But a well-funded race won’t necessarily make for a smooth ride for American filmmakers used to exercising their full creative talents in an environment steeped in respect for freedom of expression and regulated by a transparent movie ratings system that empowers consumers to choose for themselves what they want to watch.

Even as China’s censors now pass whole new categories of film—comedies and the odd horror film that would be recognizable to any L.A. audience—producers visiting Hollywood from China said the professional climate back home is unstable. A few weeks ago, President Xi Jinping called for the nation’s artists to spread “Chinese values,” echoing a call made by Mao Zedong in 1942 for artists to align their interests with those of the state.

At the Summit, Miao Xiaotian, the incoming President of the state-run China Film Co-Production Corporation, the body charged with approving Sino-foreign moviemaking, acknowledged that despite a quarter century of trying there had been scant progress.

“There hasn't yet been a truly successful co-production,” said Miao in an interview conducted by Shiao. To make a movie successful in both countries would be very difficult, Miao said, noting that the apparent trend of bilingual team-writing was “not such a great idea.” Instead, he suggested: “American writers can bring their work to China and we can make adjustments.”

Lindsay Connor, from the law firm Manatt, said that the current easy access to finance for film and TV coming from China for the first time might carry with it a need for compromise. “Americans have been used to having their own way for a long time, but as globalization continues and the Chinese box office becomes number one, Americans will become more used to Chinese themes,” Connor said.

One might expect the most accomplished Chinese producers to welcome their newfound sway over once-mighty Hollywood, but Yu Dong, CEO of the Bona Film Group, China’s only Nasdaq-listed movie studio, said that while China’s movie business has made strides in the global arena, it was “not there yet” due to things such as a lack of a ratings system.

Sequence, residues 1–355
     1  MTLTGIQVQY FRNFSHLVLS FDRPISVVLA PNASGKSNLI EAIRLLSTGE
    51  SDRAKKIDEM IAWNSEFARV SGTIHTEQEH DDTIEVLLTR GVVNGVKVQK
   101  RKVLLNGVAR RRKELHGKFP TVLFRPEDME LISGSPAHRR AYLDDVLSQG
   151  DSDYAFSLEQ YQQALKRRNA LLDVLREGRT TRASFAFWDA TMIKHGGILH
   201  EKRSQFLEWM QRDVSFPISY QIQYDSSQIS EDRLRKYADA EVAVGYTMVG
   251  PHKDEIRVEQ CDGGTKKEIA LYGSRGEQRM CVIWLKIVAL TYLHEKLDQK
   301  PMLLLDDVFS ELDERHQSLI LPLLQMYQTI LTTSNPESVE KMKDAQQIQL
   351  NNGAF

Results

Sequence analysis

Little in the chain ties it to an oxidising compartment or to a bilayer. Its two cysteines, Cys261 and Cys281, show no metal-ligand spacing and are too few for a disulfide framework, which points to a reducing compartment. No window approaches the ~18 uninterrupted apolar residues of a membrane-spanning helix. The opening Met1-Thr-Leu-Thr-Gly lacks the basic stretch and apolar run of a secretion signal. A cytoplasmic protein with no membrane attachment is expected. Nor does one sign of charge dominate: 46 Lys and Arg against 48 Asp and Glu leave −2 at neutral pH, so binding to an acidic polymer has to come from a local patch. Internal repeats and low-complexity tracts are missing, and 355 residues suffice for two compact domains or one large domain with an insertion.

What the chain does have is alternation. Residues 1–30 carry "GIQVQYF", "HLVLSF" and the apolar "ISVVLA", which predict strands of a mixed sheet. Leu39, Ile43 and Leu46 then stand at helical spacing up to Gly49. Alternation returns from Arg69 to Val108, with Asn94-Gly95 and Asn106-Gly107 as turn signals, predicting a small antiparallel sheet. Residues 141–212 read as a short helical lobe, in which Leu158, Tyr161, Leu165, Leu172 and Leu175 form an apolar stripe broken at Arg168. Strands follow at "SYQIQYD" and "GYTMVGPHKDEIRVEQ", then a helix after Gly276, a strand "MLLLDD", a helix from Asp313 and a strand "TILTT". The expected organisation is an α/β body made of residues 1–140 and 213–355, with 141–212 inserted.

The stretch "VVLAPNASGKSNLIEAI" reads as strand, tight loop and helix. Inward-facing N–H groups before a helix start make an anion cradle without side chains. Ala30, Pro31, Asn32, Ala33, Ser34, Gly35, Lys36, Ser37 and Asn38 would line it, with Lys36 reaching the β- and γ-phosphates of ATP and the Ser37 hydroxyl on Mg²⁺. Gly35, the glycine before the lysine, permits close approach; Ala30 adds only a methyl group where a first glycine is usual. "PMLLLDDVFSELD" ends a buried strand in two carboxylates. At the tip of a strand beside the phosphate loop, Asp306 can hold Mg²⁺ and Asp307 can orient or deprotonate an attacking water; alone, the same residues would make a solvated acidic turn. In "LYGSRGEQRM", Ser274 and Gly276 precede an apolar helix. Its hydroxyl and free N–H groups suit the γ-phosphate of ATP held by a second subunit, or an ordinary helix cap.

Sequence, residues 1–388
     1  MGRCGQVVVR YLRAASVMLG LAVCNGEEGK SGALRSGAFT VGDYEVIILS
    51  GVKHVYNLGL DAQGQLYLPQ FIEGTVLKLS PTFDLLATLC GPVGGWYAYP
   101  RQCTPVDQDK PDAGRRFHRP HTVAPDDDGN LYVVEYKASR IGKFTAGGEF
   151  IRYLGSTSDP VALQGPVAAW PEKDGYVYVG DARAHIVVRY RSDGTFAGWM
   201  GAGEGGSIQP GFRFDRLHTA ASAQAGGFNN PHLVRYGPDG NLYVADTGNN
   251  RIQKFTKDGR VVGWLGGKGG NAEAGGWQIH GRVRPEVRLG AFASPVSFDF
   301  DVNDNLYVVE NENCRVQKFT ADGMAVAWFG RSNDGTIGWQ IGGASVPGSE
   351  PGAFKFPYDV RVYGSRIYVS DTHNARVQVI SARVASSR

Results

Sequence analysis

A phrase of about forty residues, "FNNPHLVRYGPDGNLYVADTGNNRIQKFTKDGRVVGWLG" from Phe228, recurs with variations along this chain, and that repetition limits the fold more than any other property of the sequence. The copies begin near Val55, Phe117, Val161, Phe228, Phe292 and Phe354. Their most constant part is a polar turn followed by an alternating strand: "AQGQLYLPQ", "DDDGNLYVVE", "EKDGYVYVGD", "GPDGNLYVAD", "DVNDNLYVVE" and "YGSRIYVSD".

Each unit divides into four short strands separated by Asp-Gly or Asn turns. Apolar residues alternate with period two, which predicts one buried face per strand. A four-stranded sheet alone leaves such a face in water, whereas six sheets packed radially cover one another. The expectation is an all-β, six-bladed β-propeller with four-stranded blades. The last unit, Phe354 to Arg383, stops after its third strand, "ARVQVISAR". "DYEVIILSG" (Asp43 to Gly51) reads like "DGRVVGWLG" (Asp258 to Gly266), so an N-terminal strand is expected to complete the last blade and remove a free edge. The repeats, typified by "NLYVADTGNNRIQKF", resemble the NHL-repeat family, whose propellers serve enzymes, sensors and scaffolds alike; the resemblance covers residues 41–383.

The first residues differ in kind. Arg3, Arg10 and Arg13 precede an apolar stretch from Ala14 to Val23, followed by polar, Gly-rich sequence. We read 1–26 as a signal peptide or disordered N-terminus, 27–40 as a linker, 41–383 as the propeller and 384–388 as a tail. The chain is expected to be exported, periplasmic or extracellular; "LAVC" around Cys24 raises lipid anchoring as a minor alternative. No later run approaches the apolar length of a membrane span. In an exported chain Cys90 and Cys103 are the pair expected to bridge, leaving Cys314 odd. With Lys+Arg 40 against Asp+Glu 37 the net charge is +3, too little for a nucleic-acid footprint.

Yu, a veteran distributor turned producer, cautioned that the practice of Chinese companies such as Baidu, Alibaba, and Tencent to track the behaviors of their vast consumer base has meant that filmmaking decisions increasingly are being driven by the perceived need to reach mobile-phone dependent youth first, foremost, and at any cost.

“The Internet companies are having a huge impact. They want us to cast films using big data to determine what the audience born after 1980 wants. The new generation born after 1990 is dominating production decisions,” Yu said. Citing the blockbuster success of director Ning Hao’s latest film, Breakup Buddies, a “cringe-worthy” comedy about two men in pursuit of easy sex, Yu said an upheaval was occurring that might not be for the good of all.

“There are lots of non-professionals now in the business who don't care about the rules of the industry. They are going to lead a great disruption in content. Breakup Buddies did well at the box office, but censors are upset and may tighten the rules,” Yu said.

With Chinese censors tightening review requirements for imported television serials, maverick U.S. distribution companies such as Netflix, whose original production House of Cards was wildly popular online in China, may balk at future opportunities to work inside China. Netflix CEO Ted Sarandos noted at the Summit that the company’s upcoming series Marco Polo—a Sino-Western bridge-building story if ever there was one—was shot entirely in Malaysia. China was reportedly passed over after concerns were raised about censorship.

Still, Sarandos said, “We’re looking for a great China story that’ll play around the world.” Netflix, The Weinstein Company, and IMAX are co-producing a sequel to director Ang Lee’s 2000 martial arts classic, Crouching Tiger Hidden Dragon.